June 2015 Whole House Commodity Index
WHOLE HOUSE COMMODITY INDEX – June 2015
by Don Magruder, CEO of RoMac Building Supply
Lumber markets surged higher over the last 30 days, which helped boost the Ro-Mac Lumber & Supply, Inc. Whole House Commodity Index (Index) 0.1% to $29,967.65. Overall, the Index was subdued by declines in trusses, rebar, and narrow width pine lumber. While housing starts surged 20% to an annual rate of 1.1 million, most housing experts are not ready to declare that the housing market is fixed. Over the last several years, there have been many false positive signs that housing was rebounding, and most in the industry want to see multiple months of consistent growth.
The following are some of the particular movers in the Index since last month:
- Foundation wire mesh increased 5.4% while rebar dropped 8.3% on heavy imports.
- CDX pine plywood remained flat with a 0.5% increase while OSB sheathing added 4.7%.
- Trusses dropped 3.0% on declines in narrow width 2×4 pine.
- Spruce studs increased 8.5% while 2×4-16 spruce added 8.0% and 2×6-16 spruce added 11.3%. Spruce prices have declined so much over the last few months, this move is almost considered a “get back.”
- Pine dimensional lumber had 2×6 up 4.0% while 2×6 edged up 11.3%.
- 4×4-8 treated posts declined 3.9%.
New building code changes, which go into effect at the end of June, will increase the cost of building in Florida. This is exactly what homebuilding does not need. The construction industry is dying from a thousand cuts—with changes in building codes, tweaks in mortgage approvals, and new local impact fees. Just this weekend, a mortgage broker from a major bank told me that it is still very difficult for ordinary people to get lending. As long as this persists, expect housing to miss expectations.
Where does the market go from here? Few people have confidence these price increases from last month will stick. The little carry-over in the pine plywood market is not a good sign, and the collapse of rebar prices suggests demand is limited. May’s housing blip could be pent-up demand from winter. It will take several months of housing numbers to determine whether these increases in lumber were the indicators of a blip or trend.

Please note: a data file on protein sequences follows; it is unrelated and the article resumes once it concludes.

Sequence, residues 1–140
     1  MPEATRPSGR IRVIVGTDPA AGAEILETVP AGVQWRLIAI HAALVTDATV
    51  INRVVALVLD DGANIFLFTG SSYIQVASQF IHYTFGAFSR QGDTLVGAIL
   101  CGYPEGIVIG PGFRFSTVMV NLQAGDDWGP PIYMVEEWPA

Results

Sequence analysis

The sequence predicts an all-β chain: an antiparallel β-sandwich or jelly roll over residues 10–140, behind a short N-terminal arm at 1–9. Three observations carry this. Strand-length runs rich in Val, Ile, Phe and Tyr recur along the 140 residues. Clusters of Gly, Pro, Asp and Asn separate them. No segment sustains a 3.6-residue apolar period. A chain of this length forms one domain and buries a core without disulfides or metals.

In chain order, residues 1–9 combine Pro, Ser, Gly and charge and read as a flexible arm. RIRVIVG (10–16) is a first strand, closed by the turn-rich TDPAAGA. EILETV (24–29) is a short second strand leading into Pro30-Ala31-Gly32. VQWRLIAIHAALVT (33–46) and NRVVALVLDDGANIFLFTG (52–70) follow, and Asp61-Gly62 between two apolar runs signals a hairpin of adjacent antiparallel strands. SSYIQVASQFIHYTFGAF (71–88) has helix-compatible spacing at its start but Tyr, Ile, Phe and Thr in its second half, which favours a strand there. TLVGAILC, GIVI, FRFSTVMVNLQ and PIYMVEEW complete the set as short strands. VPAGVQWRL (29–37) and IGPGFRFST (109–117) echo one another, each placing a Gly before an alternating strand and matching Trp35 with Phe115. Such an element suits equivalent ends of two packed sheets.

The other big news is that the price increase in roofing got battered when GAF decided not to implement a price increase on shingles. The company also announced plans to shelve a manufacturing facility in Moberly, Missouri. Plus, consolidation among the huge national contractor suppliers is an indication that companies will be consolidating and closing more locations.
The parameters of housing indicate rough economic conditions will continue for the foreseeable future. Builders should price projects close and keep all bids current in order to avoid getting caught in the volatility of the pricing storm.
The Ro-Mac Lumber & Supply, Inc. Whole House Commodity Index is based on wholesale costs of the base components to build a 2,200 square foot wood frame home with a concrete stem wall in Central Florida. The Index includes foundation, metal, concrete, block, stucco, cement, wood framing, siding, sheathings, trusses, roofing, drywall, insulation, windows, doors, trim, garage doors, and most building hardware. It does not include décor, electrical, plumbing, mechanical, landscaping, or labor. Because the Index uses current wholesale costs, this should be a strong indicator of the direction of building prices for the next 30-45 days.
Don Magruder is the Chief Executive Officer of Ro-Mac Lumber & Supply, Inc. in Central Florida. Go to romacfl.com to sign-up for the Index and other free market reports. To sign-up for this information via email, contact Rebecca Ballash at firstname.lastname@example.org.